Lumbar Spine surgery is performed in the lumbar spine or lower back.
The lumbar spine is also known as low back. It consists of 5 vertebrae numbered from L1 to L5. These vertebrae (vertebral bodies) are the largest in the spine and support the head and trunk. For example, the L5 vertebra transfers upper body weight through the sacrum and pelvis into the legs. The sacrum consists of 5 naturally fused vertebrae and provides a stable platform for the spinal column. Although the bones of sacrum are fused, they are numbered S1 through S5. The pelvis is often referred to as the hip.
Between each vertebral body is a disc. Discs are numbered according to their spinal position. For example, the L4-L5 disc is found between the 4th and 5th lumbar vertebrae. The low back discs are the spine’s largest. The discs match the kidney-shape of the vertebrae. There are 2 parts to each disc. The outer layer consists of rings of tough, yet flexible cartilage called the annulus fibrosus. Inside the annulus is a jelly-like substance called the nucleus pulposus. The nucleus contains mostly water to help maintain hydrostatic disc pressure (balance).
• Disc act as a spinal shock absorber between the vertebral bodies. Their main function is to reduce friction between two bones, so that bones are unaffected.
• Disc functions as a flexible pivots which helps to do a smooth movement between two vertebrae.
The lumbar discs are very tough in nature. The deep injuries due to an accident can cause wear and tear of the discs, so that disc gets break down and lead to low back osteoarthritis. In the spine, osteoarthritis is called Spondylosis. It is essentially the same degenerative process that leads to arthritis of the hip and knee joints. The degenerative process can lead to significant changes in the lumbar spine anatomy.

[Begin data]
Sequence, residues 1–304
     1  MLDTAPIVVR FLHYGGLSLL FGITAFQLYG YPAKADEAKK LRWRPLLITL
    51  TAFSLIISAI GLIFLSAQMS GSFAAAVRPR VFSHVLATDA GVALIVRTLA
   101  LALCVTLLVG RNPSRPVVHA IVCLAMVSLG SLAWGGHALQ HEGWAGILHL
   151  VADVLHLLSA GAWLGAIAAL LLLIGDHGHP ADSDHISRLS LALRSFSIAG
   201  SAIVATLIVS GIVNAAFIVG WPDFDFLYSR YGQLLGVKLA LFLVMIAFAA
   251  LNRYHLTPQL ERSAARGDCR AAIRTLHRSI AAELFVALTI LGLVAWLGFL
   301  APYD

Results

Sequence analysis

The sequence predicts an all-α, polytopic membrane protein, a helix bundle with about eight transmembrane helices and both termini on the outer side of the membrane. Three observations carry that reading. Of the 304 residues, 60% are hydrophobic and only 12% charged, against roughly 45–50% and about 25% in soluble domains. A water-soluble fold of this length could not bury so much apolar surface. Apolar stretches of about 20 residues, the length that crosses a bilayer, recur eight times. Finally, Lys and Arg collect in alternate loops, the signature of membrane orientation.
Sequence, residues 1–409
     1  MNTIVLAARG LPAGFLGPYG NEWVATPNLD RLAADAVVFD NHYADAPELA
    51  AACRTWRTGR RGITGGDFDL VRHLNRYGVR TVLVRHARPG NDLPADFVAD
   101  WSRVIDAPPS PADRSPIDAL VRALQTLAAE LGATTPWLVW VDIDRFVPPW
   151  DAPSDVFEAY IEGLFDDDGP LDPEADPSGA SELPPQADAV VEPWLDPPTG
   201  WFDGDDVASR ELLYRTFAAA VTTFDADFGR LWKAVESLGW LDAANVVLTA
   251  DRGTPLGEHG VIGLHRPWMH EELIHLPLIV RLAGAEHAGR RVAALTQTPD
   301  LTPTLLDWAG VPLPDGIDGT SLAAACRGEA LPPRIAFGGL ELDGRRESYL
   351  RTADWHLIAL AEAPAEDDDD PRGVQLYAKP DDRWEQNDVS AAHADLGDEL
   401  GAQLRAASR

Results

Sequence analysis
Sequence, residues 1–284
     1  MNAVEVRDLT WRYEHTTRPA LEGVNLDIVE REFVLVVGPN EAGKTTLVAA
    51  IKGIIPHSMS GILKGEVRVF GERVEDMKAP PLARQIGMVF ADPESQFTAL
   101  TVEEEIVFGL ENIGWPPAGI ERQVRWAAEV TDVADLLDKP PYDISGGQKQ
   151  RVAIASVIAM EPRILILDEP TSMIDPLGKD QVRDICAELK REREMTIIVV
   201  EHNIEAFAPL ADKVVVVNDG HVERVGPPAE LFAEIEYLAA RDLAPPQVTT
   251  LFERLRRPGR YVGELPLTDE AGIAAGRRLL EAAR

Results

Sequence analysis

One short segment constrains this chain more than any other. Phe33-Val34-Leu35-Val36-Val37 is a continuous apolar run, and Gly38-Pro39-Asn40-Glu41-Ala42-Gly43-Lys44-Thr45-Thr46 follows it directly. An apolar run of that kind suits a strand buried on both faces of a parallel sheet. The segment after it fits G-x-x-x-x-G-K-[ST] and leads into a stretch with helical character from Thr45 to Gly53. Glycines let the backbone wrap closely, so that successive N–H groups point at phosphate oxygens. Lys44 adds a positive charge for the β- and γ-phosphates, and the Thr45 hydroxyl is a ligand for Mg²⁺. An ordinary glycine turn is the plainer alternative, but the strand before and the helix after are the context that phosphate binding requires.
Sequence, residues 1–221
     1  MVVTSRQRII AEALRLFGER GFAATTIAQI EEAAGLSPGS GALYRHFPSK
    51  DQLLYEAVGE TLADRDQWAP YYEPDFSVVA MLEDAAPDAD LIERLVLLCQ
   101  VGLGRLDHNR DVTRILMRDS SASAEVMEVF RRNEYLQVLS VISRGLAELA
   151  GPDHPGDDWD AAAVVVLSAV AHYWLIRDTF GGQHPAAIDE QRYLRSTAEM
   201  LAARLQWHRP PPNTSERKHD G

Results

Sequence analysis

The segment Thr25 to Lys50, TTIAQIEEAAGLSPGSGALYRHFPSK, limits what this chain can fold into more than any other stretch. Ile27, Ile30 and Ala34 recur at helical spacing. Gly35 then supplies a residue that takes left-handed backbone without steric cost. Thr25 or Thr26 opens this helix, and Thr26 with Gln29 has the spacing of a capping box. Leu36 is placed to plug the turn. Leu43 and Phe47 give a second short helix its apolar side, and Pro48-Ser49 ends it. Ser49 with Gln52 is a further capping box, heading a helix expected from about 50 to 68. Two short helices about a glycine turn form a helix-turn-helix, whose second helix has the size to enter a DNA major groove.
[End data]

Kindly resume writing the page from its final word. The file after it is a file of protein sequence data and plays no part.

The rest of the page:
• Internal disruption of the intervertebral disc
• Abnormal motion of the vertebrae
• Compression of the cauda equina and/or nerve
Lumbar decompression procedures are generally performed from the posterior (back) and include the following techniques:
When disc material and/or bone spurs press against a nerve exiting the foramen (nerve passageway), a foraminotomy may be performed. Otomy is the medical term for making an opening. A foraminotomy makes the opening of the foramen larger and relieves nerve compression.
To access disc material invading the spinal canal, a small opening is made in the lamina. A laminotomy is generally performed during a lumbar Minimal Access Spine Technology (MAST) procedure.
Laminectomy includes complete or partial removal of Lamina. A Laminectomy is performed to relieve spinal cord compression or to gain access to a disc from the back. Laminectomy is often used to treat lumbar stenosis, a narrowing of the spinal canal sometimes caused by arthritis.
Facetectomy involves a complete or partial removal of the facet joint. A facetectomy is performed to reduce nerve root compression or to gain access to disc space.
It includes Surgical removal of all or part of a disc. Discectomy can be performed from the posterior (back) or front (anterior) through the abdominal cavity to reach the spine.